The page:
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Leader or Manager……..

Exploring what is meant by the terms Leader and Manager and what are the differences in these considered roles. This includes comparisons on attitude towards duties, tasks and responsibilities.

There are many definitions of which some tend to lean towards the same in that –

Managers keep a static system of processes and ensure that everything is done and runs as it should. This could include change and the management of that but still being the ‘organiser’ that watches over all.

Leaders are the drivers, those who lead the Managers and this allows more for innovation and vision. The Leader will push, empower and promote the future. They are usually considered to be at the top of the hierarchy (an error that causes confusion)

For me, a Manager has a job to do and although there will be room for variety in how that is carried out (I’m not suggesting this is a stale role) the Manager has objectives and knows what needs to be done to achieve them. This is more of a doing role, organising, delegating, overseeing and checking.

You will see how this can cross over into my thoughts on a Leader but hopefully you will also understand my separation of the two.

A Leader to me is no Leader indeed unless they have followers. And this is key in understanding the difference. Leaders inspire others, including Managers. If I can give a visual image of both the Manager would be the umbrella that nurtures all underneath.

The Leader is the cup or upside down umbrella that holds all that follows and promotes empowerment, innovation and creation.

So heres the complexity of it. What about Leadership and Management? The Leader who Manages and the Manager who Leads…… well of course these exist. If we stick with the separate definitions we seem to have either a  Leader who cant manage a tea party and a Manager who cant lead.

Doesn’t quite make sense does it, so why are we so keen to define the two ?

We use the position of Team Leader to describe someone potentially at supervisor level. This is first line Management but still a Leader of a team with expectations upon them of Leadership.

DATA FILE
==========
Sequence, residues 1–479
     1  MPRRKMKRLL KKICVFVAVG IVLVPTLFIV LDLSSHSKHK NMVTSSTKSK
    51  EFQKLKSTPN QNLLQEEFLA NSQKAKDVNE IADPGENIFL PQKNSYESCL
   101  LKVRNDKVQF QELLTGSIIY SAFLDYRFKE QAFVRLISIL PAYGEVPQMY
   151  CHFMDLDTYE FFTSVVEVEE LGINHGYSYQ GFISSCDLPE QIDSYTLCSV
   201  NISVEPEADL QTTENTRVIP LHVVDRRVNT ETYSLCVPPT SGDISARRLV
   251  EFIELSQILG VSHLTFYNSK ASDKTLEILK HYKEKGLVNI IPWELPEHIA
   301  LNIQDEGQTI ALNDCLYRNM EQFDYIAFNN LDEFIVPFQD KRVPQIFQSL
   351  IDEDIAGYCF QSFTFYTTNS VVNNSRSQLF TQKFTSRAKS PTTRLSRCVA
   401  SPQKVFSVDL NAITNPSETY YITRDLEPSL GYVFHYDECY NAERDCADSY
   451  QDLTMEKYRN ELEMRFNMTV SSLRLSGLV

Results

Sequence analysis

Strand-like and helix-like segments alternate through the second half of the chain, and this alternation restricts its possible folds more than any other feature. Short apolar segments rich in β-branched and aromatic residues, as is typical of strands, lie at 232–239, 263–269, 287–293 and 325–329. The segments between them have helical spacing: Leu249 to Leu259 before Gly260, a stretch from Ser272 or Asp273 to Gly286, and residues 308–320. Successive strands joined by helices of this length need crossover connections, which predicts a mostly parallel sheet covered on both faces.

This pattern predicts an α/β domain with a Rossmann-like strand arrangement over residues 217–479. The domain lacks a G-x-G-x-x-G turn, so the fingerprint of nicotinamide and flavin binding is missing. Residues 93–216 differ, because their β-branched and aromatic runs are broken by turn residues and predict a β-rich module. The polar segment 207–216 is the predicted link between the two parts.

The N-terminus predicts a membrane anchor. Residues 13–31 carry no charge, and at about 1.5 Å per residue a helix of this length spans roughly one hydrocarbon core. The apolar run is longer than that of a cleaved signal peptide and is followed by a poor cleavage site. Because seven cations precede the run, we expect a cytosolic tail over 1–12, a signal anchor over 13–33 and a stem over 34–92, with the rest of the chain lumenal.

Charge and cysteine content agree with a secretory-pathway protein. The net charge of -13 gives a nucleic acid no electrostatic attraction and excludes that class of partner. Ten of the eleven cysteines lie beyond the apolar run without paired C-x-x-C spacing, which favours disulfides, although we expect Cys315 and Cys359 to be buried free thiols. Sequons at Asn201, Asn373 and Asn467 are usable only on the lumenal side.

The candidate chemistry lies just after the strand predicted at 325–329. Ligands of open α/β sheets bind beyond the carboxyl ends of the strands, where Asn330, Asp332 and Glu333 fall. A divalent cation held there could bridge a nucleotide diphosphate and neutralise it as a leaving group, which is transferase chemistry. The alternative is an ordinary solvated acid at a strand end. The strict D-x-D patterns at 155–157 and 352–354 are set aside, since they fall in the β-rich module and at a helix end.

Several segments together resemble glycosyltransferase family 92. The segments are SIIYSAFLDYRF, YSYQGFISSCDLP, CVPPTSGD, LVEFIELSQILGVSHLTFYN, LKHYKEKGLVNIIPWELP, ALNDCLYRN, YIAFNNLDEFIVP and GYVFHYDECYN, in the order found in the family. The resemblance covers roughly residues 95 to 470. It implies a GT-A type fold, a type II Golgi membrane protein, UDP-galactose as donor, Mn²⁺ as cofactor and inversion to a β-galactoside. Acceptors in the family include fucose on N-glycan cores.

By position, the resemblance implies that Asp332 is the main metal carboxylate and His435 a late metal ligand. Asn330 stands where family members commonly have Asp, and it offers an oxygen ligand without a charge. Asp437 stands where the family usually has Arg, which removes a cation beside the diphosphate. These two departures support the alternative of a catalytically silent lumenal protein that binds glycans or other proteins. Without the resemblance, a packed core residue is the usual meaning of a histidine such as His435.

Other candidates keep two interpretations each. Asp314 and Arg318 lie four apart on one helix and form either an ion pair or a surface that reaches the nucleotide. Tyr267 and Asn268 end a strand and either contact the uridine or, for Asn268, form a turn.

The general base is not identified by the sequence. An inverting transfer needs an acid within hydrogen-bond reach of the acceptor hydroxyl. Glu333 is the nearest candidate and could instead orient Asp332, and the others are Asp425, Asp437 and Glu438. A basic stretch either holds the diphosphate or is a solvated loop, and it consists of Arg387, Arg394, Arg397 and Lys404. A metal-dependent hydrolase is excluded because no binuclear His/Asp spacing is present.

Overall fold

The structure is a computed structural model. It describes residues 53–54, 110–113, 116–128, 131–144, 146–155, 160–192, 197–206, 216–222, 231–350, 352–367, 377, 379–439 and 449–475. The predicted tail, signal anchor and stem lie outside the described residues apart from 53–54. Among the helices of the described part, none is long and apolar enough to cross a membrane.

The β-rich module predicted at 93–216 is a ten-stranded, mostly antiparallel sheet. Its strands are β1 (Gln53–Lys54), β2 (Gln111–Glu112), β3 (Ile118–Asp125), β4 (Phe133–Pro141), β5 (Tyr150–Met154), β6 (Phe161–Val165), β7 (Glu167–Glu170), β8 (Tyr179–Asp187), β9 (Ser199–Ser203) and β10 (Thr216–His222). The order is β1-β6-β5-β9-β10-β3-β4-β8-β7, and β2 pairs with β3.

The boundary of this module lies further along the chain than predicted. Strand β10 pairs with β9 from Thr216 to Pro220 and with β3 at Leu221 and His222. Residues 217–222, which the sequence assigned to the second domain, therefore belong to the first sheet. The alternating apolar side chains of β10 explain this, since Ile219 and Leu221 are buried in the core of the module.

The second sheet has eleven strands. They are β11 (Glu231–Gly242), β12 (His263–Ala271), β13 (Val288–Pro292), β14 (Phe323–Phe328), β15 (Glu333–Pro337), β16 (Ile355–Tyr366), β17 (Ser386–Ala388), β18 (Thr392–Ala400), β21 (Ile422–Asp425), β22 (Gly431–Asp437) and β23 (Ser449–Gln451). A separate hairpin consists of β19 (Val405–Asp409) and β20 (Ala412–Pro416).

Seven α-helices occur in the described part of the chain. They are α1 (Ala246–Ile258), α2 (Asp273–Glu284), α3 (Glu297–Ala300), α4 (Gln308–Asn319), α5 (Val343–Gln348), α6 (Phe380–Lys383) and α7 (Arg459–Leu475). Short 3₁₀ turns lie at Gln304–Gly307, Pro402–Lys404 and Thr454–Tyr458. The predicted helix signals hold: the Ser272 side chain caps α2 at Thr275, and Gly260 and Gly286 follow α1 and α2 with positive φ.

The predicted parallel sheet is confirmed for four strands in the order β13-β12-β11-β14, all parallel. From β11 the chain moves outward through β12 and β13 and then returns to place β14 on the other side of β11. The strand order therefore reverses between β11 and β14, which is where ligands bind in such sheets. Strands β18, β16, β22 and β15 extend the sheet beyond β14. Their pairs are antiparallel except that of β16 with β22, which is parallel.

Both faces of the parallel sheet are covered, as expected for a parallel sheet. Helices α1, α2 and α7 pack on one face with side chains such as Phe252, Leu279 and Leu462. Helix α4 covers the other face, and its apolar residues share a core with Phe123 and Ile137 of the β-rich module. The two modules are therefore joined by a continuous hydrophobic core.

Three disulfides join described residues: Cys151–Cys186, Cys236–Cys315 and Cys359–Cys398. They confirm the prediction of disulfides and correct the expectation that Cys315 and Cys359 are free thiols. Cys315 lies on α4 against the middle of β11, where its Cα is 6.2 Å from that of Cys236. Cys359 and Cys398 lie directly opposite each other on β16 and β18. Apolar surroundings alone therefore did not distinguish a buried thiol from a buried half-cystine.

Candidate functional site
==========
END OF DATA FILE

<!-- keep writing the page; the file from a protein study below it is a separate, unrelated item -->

As a tutor of Levels 3-7 I know that this is certainly true as the Level 3 is heavily focused on team development, team performance and leadership skills. Switch to Level 5 and we are looking more at a Manager. The qualification is much less about teams other than delegation and more about project management, change management and business performance improvement. Its almost steering towards a lonely desk job that at best includes engagement with stakeholders for the purpose of the operations.

Then theres the level 7 – this is heavily weighted on Leadership but also has a healthy dollop of management in it. It is both an active doing role and a responsibility to encourage a following.

So what it is? Does a leader need to empower, inspire and promote a vision and a manager control and ensure tasks are completed? Who gains more respect or in fact does it matter, and if we really get into ‘Leadership’ we delve into a pond of different styles some of which don’t actually match our beloved rose tinted opinion of what one should be anyway – this is certainly left for another blog!

Maybe we should think of this more in line of what is required rather than giving a title. We wouldn’t call our Prime Minister a Manager, he is considered a Leader and yes this fits the description but its not all he is and does and he still holds a Management role.

 My colleague of nearly 20 years appears to me and most others to be a ‘natural’ born Leader and has indeed led us through some pretty tough times. But he is without a doubt the most task driven Operations Manager I have ever worked for with a meticulous style of Management. I want to maintain the title Leader for him and maybe this is because we consciously hold this term in higher regard.

Photo by Jehyun Sung on Unsplash

He is in fact the perfect example of Leadership AND Management.

So where am I going with all this?

Within the courses I deliver, the need to define the two is part of the criteria and I know students either go round in circles on this or they separate them completely like two different personalities. This is where I like to clarify what is really required here.

Its not about The leader, the person or The Manager, the person. Its about the role and what the expectations are. This opinion allows us to relax a little and accept that the 2 roles ‘are allowed’ to come together in one person but the actual definitions of Leadership and Management remain most certainly very different.

It doesn’t help that there are so many theorists out there putting their two penny worth in and not quite getting it right. For me, I like to refer to one of my favourite Authors on Leadership, John Kotter.

In a short article on the Harvard Business review he very clearly sets out to explain the differences using 3 mistakes which I particularly find useful. You can read his article here

I would be interested to hear your thoughts……….

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